Justin Cappos, an assistant professor of computer science and engineering at the Polytechnic Institute of NYU-Poly, has long been wary of the security risks inherent in Java, the programming language developed by Sun Microsystems in the 1990s. Referring to the libraries of algorithms, data structures, and commands that are part of every computing language, he said, "In Java, the standard libraries are huge; they involve about a million lines of code. A small problem in any one of those lines can leave Java vulnerable to attack."
Lately, those security issues have been receiving increasing attention in the press. On January 13 of this year, for example, Oracle released Java 7, Update 11, and within a day, as journalists worriedly reported, hackers had begun exploiting glitches within the update. Cappos explained one of the major dangers of such exploits, warning, "A hacker taking advantage of bugs in Oracle's program could conceivably make your computer part of a botnet, a collection of machines whose security has been breached and which are now under the control of that party." Because botnets have been used to send viruses or worms, commit fraud, and collect personal information via spyware, among other malicious activity, the social and financial ramifications are enormous. As Oracle admits on its Web site, "Successful exploits can impact the availability, integrity, and confidentiality of the user's system."
While the company continually develops "patches" to try to correct the problems, Cappos is not confident that any lasting solutions will be found. "There's no end in sight," he said. "As fast as Oracle can fix one bug, another is discovered." He strongly suggests that users disable Java on their machines. "Other computer-security experts agree, and we're not being alarmists here. Even the Department of Homeland Security is making the same recommendation." He stresses that disabling Java will not affect a computer's performance or utility. "The program once made the browsing experience more powerful and responsive and allowed for wonderful, complex websites," he recalled.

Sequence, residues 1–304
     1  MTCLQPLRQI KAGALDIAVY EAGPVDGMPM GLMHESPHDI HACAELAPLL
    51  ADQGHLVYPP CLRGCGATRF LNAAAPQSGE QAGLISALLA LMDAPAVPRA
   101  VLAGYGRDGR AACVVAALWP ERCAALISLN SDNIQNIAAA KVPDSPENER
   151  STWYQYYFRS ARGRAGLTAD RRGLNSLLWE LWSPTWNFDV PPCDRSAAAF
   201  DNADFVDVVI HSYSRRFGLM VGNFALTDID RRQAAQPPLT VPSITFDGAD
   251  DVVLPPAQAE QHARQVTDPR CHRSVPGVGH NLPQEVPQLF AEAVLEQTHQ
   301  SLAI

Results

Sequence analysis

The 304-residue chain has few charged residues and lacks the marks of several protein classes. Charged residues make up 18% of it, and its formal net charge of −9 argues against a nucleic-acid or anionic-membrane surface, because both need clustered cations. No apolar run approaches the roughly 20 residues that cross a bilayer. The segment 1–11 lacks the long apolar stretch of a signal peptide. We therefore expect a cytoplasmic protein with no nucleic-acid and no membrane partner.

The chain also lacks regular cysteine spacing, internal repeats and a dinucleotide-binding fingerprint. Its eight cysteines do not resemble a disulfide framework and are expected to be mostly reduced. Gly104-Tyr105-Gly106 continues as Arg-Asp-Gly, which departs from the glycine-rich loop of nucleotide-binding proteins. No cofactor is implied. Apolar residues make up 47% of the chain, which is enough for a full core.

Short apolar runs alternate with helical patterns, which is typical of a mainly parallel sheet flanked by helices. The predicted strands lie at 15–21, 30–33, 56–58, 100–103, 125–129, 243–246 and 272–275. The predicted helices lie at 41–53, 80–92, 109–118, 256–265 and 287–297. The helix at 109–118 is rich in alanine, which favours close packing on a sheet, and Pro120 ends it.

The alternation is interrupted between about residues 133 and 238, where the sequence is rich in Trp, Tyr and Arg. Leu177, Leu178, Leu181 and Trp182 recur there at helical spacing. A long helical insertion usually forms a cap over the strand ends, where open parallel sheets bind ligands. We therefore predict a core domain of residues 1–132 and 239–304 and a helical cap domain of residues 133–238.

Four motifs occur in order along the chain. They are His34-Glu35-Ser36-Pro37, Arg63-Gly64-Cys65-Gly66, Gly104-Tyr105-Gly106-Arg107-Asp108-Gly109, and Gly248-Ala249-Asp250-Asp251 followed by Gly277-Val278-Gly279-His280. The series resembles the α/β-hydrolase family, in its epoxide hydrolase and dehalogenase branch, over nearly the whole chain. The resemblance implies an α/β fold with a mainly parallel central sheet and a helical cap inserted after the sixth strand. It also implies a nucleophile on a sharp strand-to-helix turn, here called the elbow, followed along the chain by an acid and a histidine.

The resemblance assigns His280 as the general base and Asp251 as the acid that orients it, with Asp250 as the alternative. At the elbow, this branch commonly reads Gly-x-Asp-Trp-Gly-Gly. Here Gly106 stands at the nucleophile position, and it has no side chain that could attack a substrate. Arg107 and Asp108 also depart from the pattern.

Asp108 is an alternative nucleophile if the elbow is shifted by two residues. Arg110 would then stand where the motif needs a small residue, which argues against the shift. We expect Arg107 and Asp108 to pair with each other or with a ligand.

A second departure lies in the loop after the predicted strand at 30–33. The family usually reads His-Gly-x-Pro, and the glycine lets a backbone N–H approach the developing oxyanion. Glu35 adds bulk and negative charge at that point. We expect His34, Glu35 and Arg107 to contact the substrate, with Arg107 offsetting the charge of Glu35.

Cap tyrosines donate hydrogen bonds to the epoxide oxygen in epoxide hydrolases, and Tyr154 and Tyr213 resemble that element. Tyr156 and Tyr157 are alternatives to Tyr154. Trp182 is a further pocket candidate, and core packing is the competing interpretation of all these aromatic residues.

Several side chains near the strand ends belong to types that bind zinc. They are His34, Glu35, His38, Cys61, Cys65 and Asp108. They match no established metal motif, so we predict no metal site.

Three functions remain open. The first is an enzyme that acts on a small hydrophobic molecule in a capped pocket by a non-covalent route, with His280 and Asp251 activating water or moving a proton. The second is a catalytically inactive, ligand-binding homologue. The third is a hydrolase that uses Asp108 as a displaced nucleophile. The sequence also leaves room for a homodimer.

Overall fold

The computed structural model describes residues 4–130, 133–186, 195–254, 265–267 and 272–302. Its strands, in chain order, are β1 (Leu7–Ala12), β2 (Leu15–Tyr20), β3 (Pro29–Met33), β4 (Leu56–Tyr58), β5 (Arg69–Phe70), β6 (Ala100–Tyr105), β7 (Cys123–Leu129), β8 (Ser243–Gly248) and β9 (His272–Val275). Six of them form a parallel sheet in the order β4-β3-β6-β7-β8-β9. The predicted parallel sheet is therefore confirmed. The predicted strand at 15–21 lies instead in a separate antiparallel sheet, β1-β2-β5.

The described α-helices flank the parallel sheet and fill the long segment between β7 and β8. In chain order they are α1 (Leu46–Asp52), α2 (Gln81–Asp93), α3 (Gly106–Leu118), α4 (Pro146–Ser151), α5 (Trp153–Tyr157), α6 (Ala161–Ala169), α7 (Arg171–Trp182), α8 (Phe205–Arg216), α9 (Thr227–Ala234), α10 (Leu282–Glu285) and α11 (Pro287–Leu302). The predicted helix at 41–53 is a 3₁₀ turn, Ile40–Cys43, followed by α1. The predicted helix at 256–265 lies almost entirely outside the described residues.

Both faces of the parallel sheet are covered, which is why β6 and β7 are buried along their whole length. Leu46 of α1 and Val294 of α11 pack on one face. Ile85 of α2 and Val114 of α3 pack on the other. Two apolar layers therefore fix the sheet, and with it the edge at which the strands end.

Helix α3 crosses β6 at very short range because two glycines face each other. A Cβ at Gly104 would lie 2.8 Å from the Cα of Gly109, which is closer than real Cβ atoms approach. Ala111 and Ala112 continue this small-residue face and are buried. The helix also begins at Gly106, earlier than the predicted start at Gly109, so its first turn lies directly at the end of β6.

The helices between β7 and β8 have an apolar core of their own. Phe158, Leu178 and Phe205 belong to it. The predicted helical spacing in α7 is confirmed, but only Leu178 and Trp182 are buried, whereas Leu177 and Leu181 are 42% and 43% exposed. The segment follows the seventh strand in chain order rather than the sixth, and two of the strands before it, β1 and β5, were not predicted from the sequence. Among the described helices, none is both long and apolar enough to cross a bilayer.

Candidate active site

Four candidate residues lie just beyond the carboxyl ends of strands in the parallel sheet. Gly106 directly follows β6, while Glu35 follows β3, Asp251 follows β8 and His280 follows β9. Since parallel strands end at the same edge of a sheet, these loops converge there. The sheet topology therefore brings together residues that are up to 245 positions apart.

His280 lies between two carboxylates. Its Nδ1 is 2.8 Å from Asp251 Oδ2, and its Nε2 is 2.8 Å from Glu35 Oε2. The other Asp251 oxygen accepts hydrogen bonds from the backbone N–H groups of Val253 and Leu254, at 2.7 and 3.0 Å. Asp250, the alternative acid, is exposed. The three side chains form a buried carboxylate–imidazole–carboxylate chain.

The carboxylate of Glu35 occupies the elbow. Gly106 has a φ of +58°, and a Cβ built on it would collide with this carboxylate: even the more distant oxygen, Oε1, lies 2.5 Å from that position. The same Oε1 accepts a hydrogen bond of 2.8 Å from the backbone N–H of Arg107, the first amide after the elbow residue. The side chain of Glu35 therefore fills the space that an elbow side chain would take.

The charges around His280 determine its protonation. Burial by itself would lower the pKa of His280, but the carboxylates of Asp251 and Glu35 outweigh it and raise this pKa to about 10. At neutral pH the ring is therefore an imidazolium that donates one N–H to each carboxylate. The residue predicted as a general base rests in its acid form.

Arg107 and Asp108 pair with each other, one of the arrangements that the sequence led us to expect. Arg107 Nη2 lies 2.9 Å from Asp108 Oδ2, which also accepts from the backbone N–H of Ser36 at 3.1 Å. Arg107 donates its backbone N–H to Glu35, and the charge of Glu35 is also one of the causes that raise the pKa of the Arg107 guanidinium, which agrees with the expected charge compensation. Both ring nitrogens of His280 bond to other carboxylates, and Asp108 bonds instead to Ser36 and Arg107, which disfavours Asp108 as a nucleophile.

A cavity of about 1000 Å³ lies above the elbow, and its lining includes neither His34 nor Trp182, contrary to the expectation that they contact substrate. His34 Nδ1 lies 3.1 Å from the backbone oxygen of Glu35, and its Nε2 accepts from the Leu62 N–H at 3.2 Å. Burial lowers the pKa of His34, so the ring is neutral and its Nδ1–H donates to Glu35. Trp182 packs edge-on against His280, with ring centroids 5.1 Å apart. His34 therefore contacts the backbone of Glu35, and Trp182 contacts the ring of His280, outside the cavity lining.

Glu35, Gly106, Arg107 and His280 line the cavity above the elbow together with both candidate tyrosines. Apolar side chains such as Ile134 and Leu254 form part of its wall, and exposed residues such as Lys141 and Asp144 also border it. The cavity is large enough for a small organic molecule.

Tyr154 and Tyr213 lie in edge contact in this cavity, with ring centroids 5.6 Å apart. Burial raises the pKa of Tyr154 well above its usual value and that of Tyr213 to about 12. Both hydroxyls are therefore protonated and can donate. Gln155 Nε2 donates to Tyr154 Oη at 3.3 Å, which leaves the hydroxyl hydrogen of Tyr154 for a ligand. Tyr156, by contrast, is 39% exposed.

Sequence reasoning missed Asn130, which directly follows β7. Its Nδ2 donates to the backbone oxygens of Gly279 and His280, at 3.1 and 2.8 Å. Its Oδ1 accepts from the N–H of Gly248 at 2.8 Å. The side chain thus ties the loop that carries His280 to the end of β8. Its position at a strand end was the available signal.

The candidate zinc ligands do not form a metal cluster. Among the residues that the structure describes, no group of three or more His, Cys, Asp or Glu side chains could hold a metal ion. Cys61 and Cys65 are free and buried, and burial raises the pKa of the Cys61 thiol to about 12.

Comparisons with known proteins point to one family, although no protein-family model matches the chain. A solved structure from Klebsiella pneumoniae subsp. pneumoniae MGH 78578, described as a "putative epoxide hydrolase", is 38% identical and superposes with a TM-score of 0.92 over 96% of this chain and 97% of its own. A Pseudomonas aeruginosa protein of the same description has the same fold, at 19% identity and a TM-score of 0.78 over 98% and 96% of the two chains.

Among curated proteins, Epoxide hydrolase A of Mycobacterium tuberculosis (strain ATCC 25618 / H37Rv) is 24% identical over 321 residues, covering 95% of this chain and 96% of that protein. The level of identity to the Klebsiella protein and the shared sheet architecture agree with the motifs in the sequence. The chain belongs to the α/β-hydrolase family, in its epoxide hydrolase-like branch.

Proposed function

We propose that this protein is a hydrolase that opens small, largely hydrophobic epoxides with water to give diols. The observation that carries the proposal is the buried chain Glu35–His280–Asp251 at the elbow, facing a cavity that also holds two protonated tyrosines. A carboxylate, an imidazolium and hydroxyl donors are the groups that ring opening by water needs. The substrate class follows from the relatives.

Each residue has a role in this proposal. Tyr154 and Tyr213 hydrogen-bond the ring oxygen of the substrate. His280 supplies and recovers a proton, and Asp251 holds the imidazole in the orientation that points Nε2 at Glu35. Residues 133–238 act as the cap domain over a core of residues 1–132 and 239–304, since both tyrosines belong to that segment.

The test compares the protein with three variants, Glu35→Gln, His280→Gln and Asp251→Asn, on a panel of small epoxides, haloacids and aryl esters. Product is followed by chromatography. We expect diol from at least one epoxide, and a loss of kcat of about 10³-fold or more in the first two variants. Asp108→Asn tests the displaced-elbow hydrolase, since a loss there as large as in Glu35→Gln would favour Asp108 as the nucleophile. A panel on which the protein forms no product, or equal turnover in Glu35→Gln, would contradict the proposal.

Years ago, Cappos approached the software giant about its security risk of having a large amount of security critical code in Java. He draws on practical experience with a secure execution environment for the Seattle TestBed, a free, community-driven, open-source system that operates on laptops, servers and phones. The global distribution of the Seattle network provides the ability to use it in cloud computing, peer-to-peer networking, ubiquitous/mobile computing, and distributed systems, among other application. It boasts thousands of users around the world, including major universities and research facilities and is open for anyone to participate in.
Because Seattle's sandbox employs only about 8,000 lines of trusted code, it runs in a safe and contained manner, with minimal impact on system security and performance. "We're always working to see how far we can push. We want to make it even smaller," Cappos said. "A million lines is obviously just too much."
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